Burgundian Legend Calls it Quits: Jacques Lardiere has decided to call it quits after making wine for the past 42 years, according to this report in Forbes magazine. Lardiere is ending a lengthy run at Maison Louis Jadot, a Burgundy, France-based operation that grew to offer over 100 different wines per vintage.
BevMo Invades WA: Taking advantage of Washington State’s recent privatization of alcohol sales, liquor store chain BevMo will soon be opening several new stores in the state, according to this report. This trend will be interesting to watch as companies take advantage of the new law to expand. It could make for a highly competitive alcohol sales market.
Short Supply Means Increased Vineyard Sales in CA: In an increasingly scarce market for grapes in Northern California, some have turned to vineyard sales to lock in supply, according to this Santa Rosa Press Democrat report. Grapes supplies for wine are currently tight, as fewer vineyards have been planted in recent years.
Machine vs. Hand: An interesting study done by researchers at Auckland University have found that grapes picked by machine produced higher levels of aromatic characteristics in an award winning Sauvignon Blanc from the Marlborough region than if they were picked by hand, as reported by Yahoo New Zealand Business. It is a standing belief that great wines must be pick by hand, to insure careful handling, in order to produce to high quality product. Although the study only focused on sauvignon blanc, it showed that high quality can be retained using machines that harvest on a large scale.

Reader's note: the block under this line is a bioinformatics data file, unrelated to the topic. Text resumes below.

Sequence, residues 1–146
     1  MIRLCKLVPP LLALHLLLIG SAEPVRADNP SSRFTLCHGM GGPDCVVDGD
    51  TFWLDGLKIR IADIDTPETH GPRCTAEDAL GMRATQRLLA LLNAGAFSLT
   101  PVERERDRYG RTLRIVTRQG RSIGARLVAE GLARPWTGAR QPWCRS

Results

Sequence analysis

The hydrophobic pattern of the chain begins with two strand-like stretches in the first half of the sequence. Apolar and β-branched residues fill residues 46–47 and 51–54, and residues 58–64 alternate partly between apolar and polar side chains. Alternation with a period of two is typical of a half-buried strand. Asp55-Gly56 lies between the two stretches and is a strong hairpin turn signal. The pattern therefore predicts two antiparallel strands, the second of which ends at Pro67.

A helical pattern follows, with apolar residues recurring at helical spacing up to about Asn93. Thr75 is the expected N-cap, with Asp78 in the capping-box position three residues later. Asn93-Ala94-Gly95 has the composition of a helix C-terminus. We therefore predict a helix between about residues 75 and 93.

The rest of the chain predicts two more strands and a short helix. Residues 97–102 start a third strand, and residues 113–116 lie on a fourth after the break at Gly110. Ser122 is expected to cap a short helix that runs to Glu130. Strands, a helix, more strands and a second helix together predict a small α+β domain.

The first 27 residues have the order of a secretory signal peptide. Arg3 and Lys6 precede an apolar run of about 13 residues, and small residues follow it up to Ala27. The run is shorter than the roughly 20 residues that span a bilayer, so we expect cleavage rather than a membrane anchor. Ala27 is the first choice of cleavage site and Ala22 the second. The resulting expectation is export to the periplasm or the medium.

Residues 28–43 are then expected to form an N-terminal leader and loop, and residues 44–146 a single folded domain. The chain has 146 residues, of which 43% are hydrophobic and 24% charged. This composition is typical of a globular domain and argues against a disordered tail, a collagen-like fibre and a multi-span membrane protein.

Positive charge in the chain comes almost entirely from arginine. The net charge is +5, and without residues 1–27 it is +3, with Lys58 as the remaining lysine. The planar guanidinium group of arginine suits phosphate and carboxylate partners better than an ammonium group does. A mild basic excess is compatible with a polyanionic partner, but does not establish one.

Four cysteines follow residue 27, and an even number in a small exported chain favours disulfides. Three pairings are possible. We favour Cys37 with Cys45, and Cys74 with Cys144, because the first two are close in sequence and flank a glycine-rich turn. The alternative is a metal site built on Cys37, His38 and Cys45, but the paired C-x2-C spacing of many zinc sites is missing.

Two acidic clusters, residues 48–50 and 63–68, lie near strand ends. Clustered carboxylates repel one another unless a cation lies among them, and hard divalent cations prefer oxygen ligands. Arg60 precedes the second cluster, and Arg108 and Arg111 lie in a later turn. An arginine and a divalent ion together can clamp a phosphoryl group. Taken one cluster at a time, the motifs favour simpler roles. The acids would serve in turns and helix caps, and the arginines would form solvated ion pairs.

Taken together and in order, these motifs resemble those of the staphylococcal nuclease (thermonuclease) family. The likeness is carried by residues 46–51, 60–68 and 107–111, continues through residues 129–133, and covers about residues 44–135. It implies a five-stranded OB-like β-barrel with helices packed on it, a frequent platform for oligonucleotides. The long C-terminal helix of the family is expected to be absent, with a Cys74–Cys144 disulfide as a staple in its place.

Yellow Hops: In other southern hemisphere news, wine making behemoth from Australia, Yellow Tail, has just announced that they are now going to add beer to their production line. The Casella family, the force behind Yellow Tail, one of the world's largest selling wine brands, has built a huge brewery right next to their winery and which will be able to churn out 35K bottles of beer an hour, as reported by Stock and Land. We don't know if Yellow Tail will be Australian for beer, Mate, but based on the size of their initial foray into the beer world, the family hopes to take over about 5% of the country's beer market.